However, this type of migration is a complex, risky, and often costly process for the migrants. Potential migrants typically learn about and get access to job opportunities via networks of intermediaries who often exploit the information and power asymmetries to charge exorbitant fees. Moreover, they may have an incentive to underinform or misinform their clients, resulting in migrants accepting jobs with lower-than-expected salaries and worse working conditions. Individuals who start the application process but fail to migrate often suffer huge losses and sink their families into debt.

This charity will create a “one-stop shop” service to support potential migrants, avoiding exploitation and reducing the costs of migration. The service will take migrants through the process of learning about working abroad, finding the right job, and fulfilling the necessary requirements for successful migration. It will achieve this by creating a digital platform featuring a job board paired with free, transparent information on the practicalities and pros & cons of migrating, personalized one-to-one support (via a call center), and recommendations to high-quality third-party services.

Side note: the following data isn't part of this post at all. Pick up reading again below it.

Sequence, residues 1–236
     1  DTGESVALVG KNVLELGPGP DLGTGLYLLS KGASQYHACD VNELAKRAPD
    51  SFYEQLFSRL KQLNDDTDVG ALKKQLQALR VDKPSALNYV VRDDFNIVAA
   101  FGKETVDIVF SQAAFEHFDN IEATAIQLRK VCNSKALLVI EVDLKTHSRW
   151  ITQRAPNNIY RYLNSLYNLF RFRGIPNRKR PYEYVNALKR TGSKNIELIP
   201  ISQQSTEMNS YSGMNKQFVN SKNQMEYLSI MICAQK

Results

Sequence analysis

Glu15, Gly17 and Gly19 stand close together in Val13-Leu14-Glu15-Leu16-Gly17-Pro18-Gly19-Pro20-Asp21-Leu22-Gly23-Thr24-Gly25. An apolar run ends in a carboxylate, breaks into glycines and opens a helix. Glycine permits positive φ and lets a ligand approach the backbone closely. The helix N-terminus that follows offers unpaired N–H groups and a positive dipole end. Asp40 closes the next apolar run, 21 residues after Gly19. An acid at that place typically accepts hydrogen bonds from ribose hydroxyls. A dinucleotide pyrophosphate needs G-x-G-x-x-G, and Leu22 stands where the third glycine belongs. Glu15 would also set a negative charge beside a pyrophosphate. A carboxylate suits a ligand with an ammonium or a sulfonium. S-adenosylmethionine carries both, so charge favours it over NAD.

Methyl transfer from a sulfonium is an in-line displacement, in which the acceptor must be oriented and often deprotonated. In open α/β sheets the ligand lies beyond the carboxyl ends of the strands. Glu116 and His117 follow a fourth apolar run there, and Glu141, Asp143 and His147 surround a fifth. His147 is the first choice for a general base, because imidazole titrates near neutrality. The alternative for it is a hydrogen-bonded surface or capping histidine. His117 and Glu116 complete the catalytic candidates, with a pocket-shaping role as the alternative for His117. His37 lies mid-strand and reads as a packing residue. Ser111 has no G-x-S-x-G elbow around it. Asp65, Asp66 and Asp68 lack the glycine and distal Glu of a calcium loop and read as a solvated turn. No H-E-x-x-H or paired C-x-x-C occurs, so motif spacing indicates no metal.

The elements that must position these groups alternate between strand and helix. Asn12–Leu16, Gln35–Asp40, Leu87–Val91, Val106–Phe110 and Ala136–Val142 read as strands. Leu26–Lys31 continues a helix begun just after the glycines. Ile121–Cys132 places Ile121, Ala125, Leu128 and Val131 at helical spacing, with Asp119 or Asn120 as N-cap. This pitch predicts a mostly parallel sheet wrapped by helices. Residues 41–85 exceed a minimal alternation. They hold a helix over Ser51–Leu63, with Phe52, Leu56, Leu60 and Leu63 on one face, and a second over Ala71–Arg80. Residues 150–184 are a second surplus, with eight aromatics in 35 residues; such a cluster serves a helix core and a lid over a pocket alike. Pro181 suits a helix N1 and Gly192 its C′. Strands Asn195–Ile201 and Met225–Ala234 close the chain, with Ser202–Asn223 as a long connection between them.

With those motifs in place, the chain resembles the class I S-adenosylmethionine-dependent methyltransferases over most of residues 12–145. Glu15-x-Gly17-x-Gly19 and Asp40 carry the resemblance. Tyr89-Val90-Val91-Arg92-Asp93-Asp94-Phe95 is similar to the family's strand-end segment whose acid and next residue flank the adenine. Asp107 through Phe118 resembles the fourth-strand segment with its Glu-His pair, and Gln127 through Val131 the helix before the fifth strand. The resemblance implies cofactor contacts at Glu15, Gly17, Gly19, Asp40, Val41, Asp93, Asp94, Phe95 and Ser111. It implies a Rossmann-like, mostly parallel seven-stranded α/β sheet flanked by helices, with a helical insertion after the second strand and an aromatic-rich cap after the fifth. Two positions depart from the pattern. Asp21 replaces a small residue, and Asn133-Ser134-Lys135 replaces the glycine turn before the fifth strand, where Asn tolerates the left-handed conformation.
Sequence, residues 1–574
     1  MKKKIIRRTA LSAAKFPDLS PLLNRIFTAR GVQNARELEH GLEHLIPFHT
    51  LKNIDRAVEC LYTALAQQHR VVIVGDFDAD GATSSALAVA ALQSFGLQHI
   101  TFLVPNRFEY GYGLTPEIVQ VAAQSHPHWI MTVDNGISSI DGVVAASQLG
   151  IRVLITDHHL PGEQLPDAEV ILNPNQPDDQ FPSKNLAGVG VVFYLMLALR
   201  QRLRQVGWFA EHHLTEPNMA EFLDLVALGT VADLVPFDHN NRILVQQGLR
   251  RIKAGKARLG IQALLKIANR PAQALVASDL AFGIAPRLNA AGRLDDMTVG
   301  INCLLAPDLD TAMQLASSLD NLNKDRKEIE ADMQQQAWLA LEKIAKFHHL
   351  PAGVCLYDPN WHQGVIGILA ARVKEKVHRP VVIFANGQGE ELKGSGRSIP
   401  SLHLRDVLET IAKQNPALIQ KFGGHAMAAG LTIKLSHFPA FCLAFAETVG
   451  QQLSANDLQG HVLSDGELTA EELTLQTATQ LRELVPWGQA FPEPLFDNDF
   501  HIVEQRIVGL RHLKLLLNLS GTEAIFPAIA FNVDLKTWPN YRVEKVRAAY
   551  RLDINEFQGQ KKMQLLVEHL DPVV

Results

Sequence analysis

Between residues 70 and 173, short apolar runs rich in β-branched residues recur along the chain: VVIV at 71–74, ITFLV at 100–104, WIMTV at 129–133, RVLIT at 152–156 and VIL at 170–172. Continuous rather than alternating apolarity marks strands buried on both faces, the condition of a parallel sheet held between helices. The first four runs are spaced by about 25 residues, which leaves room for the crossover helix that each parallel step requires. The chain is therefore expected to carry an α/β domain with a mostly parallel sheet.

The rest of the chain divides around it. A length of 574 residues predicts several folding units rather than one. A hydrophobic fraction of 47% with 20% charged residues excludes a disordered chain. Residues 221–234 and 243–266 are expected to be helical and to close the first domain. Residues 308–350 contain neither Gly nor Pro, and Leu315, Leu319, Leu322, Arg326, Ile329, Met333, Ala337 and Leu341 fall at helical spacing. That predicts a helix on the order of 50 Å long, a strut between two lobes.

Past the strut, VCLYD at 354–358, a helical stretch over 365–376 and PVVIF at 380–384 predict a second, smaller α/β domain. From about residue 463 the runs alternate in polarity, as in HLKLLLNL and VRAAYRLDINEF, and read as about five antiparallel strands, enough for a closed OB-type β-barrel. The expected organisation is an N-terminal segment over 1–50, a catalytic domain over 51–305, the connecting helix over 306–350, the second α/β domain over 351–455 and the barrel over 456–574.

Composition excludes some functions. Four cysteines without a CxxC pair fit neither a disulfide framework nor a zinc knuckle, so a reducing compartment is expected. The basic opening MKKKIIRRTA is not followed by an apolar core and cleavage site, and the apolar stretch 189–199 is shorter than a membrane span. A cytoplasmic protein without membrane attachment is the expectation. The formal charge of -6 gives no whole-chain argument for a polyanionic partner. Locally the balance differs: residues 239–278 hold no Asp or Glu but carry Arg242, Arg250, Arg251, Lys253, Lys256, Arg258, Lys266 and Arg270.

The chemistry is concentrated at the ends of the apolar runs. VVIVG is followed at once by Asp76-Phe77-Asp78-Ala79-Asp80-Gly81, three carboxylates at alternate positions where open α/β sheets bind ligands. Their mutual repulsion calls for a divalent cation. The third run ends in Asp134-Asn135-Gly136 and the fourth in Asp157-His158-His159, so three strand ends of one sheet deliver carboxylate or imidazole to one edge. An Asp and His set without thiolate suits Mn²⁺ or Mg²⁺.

Additionally, this charity could work directly with employers in destination countries to create new migration opportunities that wouldn’t have happened otherwise. Based on expert interviews, we believe there are countries with legal immigration quotas that are not being filled and employers looking to hire migrant workers but not having good channels through which to do so. Given the large financial returns to working abroad, this could significantly increase the charity’s impact and cost-effectiveness. However, such expansion might be complex and costly to undertake, so we haven’t factored it into our main models.